What you see in the above photo is typical of what Judith and I saw near the Syrian border in 2010.  A devastating drought dropped water levels as scientists noted a massive shift in the area’s climate. At the time we were there political experts observed rising tensions as farmers abandoned their fields and migrated to urban centers.  Judith and I, along with a Wisdom Graduate School team, thought we were going to base ourselves in a sleepy village called Sanliurfa.  What we found was a city suddenly crowded with displaced farmers, a city larger than Austin, Texas. Driving. Even walking in the streets was a challenge.  Tensions abounded.

We were there to study a pivotal archeological site, Gobekli Tepe, which was surrounded by parched fields, wheat fields dying in October heat above 100 degrees. This was the place on Earth where humans first learned about the marvels of wheat. Yet, now it was a desert. We talked to young men who could not get married because the dowry was high and the jobs non-existent and their farms gone.  We talked to young women trapped in drought and repressive customs.  One young woman had taught herself six languages by listening to audio tapes.  She longed to go to school, but the patriarchy would not even allow her to go to elementary school, much less to law school to which she aspired.  Was this extreme condition in Nature going to shape all of our cultures?  We asked ourselves, knowing it would. But surely it wouldn’t spill over to the USA. But, of course, it has.  And now we wonder, how can we be safe?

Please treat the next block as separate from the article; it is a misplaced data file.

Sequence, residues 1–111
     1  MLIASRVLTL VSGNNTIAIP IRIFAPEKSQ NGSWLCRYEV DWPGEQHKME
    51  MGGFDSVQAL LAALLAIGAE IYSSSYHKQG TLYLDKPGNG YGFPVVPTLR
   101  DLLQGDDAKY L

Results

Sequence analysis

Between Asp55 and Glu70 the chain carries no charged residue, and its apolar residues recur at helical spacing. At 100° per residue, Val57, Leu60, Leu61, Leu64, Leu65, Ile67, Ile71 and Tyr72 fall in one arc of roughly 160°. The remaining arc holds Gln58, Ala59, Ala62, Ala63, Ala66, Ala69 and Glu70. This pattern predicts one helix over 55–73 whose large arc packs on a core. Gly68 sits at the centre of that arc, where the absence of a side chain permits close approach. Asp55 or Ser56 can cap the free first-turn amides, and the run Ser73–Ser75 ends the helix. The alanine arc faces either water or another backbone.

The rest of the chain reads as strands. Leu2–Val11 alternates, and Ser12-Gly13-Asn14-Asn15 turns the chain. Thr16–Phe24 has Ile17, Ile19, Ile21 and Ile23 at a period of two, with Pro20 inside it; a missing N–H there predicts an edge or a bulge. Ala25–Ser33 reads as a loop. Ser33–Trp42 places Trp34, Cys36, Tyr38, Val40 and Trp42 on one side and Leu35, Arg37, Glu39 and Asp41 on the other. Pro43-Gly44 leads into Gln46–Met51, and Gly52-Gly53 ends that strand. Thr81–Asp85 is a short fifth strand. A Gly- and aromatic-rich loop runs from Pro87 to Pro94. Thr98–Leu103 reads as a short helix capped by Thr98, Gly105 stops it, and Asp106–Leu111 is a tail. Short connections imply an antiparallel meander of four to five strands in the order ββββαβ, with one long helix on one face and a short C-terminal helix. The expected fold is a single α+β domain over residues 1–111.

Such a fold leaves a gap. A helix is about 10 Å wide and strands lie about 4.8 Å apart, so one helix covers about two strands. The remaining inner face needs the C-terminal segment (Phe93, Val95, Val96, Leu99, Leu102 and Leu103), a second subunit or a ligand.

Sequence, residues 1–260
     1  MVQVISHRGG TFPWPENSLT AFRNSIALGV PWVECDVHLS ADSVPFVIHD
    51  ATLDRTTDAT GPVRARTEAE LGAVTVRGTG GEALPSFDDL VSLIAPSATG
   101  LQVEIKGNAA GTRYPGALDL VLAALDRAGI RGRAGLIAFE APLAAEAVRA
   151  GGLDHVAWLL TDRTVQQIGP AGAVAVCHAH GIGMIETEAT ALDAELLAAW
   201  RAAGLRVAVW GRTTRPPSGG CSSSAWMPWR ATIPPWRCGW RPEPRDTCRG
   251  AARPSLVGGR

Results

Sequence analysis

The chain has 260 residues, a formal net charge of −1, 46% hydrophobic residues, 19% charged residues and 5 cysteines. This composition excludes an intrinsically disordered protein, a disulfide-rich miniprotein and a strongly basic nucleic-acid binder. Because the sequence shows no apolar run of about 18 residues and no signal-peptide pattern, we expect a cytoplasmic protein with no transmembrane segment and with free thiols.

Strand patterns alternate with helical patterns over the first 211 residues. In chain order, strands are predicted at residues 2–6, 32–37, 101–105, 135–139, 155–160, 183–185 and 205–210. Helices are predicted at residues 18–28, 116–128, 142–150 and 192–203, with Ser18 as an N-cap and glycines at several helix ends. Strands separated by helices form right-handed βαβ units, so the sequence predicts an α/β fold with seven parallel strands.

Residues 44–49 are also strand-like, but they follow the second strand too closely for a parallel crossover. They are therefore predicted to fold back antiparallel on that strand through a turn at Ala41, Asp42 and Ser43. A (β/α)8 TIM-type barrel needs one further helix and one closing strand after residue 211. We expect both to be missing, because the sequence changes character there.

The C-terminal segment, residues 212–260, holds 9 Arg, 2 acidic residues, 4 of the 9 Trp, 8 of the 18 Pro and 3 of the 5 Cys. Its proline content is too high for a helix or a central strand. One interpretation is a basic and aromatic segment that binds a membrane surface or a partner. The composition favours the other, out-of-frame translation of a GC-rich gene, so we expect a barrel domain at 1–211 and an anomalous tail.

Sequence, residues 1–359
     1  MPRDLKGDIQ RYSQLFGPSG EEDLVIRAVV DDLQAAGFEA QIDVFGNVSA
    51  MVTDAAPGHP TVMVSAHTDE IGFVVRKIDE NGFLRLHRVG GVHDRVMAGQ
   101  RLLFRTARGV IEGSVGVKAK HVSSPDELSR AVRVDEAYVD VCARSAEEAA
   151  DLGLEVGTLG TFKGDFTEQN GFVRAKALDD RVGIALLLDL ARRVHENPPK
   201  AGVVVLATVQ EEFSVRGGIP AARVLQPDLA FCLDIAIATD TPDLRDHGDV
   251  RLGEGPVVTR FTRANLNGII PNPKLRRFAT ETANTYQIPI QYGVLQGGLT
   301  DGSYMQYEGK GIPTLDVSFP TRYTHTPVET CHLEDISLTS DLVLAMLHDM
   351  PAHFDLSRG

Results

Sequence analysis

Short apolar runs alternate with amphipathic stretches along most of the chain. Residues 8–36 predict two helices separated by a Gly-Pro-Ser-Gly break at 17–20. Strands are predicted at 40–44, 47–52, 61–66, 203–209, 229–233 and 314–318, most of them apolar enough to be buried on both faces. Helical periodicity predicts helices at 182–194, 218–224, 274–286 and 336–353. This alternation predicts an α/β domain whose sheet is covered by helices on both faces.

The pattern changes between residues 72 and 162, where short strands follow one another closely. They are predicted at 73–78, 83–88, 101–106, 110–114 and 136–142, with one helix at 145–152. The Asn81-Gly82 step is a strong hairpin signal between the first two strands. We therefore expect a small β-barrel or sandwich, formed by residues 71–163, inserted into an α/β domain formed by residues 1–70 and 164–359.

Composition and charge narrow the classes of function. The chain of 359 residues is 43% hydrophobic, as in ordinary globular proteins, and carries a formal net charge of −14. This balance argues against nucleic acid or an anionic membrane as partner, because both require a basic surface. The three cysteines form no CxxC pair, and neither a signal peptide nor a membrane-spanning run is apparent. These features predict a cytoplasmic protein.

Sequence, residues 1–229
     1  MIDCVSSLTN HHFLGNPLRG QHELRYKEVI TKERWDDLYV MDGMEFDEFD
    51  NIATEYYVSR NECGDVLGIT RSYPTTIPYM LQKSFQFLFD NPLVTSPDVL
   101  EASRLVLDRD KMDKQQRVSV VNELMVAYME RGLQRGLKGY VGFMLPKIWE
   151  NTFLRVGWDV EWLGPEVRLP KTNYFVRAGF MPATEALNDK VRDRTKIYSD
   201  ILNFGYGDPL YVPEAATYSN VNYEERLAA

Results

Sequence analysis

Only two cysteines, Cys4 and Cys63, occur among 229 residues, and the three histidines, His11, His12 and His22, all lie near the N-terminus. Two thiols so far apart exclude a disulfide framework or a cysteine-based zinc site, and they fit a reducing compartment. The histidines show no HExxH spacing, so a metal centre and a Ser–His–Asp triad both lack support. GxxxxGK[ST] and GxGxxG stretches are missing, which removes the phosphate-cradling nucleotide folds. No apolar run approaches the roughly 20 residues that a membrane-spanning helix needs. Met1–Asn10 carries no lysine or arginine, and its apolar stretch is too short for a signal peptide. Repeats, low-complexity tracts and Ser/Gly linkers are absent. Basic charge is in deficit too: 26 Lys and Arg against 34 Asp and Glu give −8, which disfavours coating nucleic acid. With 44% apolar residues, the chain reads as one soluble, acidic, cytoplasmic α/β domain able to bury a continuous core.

Three observations: in 2003 during the George W. Bush administration, the Pentagon urged Congress to elevate climate change “beyond a scientific debate to a U.S. national security concern.”  In my view, the Pentagon was right. I observed the tensions on the Syrian border growing out of the drought.  We have to address, know, and become full participants in Earth’s rebalancing of Herself if we are to find safety.  This knowing and being part of Earth is more basic than gun laws or immigration policies, in my view, though it will include creativity that emerges from our learning the mother tongue of nature, a nature in massive balancing.  This knowing will allow us to find solutions to myriad of our problems, though it will be a challenge.

Second, we  have to give our young people(and ourselves) an initiatory pathway to  become morally mature participants as Earth citizens.  Young people, uneducated and educated alike, know intuitively that the dream of Western Civilization to own a house, an auto, tech devices, and a good job is not sufficient.  As such the materialism of the industrial nations does not satisfy our spirits.  We must know that reality, given our prodigious addictive appetites.

Finally,(for today) Earth-based spirituality and living offers us a glimpse for being safer both in terms of the mighty forces of Nature and the multiplying threat of terrorism.  So far, our glimpses of the mighty forces of the Great Mother drive us to humility.  A good ground to stand on,kneel on,  or, best in my practice, lie on.

More to come.  Your thoughts?


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